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Tsuyoshi Nishioka let the Twins off the hook by opting out of his remaining salary. Here's a look at what $3.25M bought last offseason and what it could lead to this coming winter.
The Twins caught a huge financial break last week when Tsuyoshi Nishioka requested his release. That surprising move saved them from having to pay the remaining $3.25M in salary that Nishioka was still guaranteed.
That scenario is rare, though not unheard of in Major League Baseball. Royals starter Gil Meche walked away from $12M prior to the 2011 season, stating that it wasn't fair to himself, his family, or the Royals to continue given the state of his shoulder injury. In October 2009, Kenji Johjima opted out of the final two years of his contract with the Mariners, alleviating them of what had been a $16M albatross.
Nishioka's decision hasn't provided the Twins with that type of financial windfall, but it's still a move that will free up some extra cash for the team this winter. Last offseason, the list of players that signed for under $3.3M was highlighted by the Twins' own Ryan Doumit, as well as Kevin Millwood, Bartolo Colon, Cody Ross, Ryan Ludwick, LaTroy Hawkins, Fernando Rodney, Jeff Keppinger and Scott Hairston (Let's just ignore Jason Marquis and Joel Zumaya on that list... whoops).
Each of those players has made noticeable contributions to his team's success this season at a bargain price. A look at this offseason's upcoming free agent class reveals several more potential bargains. Because of the Twins' current roster construction, I find it unlikely that they'll be spending on a backup catcher, a first base/DH type, an outfielder, or probably a third baseman either. Looking at middle infield and pitching options, however, I think the following are all reasonable targets who will command in the neighborhood of $3.25M (or less):
Kelly Johnson - I can see Johnson topping that mark simply because of the weakness of the second base class, but likely not by much. He'll definitely earn less than this season's $6.38M.
Jeff Keppinger - Keppinger's salary may come in around $3.25M, but it'd likely have to be the first of a two-year deal similar to Jamey Carroll's to facilitate that. He's quietly hit .297/.342/.403 dating back to Opening Day 2010.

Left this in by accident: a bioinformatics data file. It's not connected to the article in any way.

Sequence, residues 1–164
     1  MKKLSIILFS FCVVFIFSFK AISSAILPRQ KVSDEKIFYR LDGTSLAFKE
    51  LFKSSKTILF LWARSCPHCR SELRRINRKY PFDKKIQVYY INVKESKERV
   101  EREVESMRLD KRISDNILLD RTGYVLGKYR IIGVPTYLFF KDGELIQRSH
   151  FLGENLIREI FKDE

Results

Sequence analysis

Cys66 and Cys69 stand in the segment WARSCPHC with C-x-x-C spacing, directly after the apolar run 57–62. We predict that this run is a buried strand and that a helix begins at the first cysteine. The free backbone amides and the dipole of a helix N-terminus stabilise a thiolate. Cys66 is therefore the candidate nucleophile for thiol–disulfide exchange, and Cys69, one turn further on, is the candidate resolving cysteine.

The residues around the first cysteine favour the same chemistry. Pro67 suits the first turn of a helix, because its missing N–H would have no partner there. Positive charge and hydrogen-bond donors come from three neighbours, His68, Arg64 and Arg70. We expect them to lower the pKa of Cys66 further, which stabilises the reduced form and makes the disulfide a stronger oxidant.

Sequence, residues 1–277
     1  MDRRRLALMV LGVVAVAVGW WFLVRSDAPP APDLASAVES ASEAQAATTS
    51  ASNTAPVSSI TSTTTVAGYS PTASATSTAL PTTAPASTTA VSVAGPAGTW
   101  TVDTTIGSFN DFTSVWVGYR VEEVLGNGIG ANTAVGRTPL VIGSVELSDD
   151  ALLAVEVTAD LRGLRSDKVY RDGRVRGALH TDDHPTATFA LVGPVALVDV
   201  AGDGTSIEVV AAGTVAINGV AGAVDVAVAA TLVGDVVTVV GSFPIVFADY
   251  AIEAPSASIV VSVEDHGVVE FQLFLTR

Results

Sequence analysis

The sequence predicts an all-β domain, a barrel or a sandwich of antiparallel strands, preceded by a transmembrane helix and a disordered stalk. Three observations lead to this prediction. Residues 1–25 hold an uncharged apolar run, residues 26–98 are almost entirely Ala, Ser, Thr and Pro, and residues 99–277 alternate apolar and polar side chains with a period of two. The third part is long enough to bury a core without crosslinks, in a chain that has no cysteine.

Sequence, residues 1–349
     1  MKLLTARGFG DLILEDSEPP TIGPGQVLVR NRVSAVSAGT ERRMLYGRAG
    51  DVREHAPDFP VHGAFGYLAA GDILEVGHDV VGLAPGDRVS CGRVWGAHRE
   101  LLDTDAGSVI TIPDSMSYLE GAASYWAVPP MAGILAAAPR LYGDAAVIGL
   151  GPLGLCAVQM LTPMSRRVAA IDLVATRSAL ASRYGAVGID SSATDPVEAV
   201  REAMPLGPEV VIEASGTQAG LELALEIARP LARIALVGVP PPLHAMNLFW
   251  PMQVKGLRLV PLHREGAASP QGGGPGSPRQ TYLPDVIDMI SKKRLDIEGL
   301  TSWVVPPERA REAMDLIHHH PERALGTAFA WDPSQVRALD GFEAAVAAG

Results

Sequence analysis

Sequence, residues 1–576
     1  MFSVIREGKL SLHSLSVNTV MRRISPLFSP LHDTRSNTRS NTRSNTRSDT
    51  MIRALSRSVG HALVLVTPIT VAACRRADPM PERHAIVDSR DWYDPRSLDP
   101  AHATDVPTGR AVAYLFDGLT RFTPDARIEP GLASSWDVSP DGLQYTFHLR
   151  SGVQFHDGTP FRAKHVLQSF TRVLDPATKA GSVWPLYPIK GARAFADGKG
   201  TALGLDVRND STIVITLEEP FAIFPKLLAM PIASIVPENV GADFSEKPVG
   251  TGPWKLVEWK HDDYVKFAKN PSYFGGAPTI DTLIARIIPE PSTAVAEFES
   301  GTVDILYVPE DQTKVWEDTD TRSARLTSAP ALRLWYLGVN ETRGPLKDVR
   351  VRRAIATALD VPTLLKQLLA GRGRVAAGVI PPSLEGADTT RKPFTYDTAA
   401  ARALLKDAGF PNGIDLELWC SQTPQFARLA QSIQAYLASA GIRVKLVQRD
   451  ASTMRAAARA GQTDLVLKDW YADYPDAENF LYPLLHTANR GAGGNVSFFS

The shortstop market is bone dry, especially if the Tigers exercise Jhonny Peralta's option. Stephen Drew won't command a huge salary, but I'm betting he tops $3.25M simply because of the scarcity of shortstops this offseason and his upside.
Any of the following should command $3.25M or less (though some would require incentives based on performance in addition to that base):
I could also see Carlos Villanueva (heavily endorsed by our own Brandon Warne) commanding somewhere around that type of salary in the first year of a two-year deal, perhaps with a total value of $8-9M or so.
None of those pitchers exactly leap off the page as impact signings, but each would likely present an upgrade (or have the potential to be an upgrade) over the brigade of replacement level fodder that's taken the hill for the Twins this season.
And, of course, it could simply be added on to give the Twins a push to sign a player they previously would have been outbid on by upping a one-year offer for a pitcher from $5M to $8M or so (hypothetically speaking).
Nishioka's $3.25M refund isn't likely to be the tipping point that pushes the Twins back into contention, but it's a nice unforeseen benefit that will allow Terry Ryan, Rob Antony, Wayne Krivsky, etc. to look at bringing in another veteran presence or make a low-risk, high-upside signing that could provide the Twins with a few extra wins. Sure, a guy like Millwood would induce little more than yawns and a host of eye rolls from the fan base, but it's better to have a 1-2 WAR starter or middle infielder than a $3.25M sinkhole on the roster.
Steve Adams also writes for MLBTradeRumors.com, RotoAuthority.com and MLB.com's Fantasy Baseball. You can follow him on Twitter: @Adams_Steve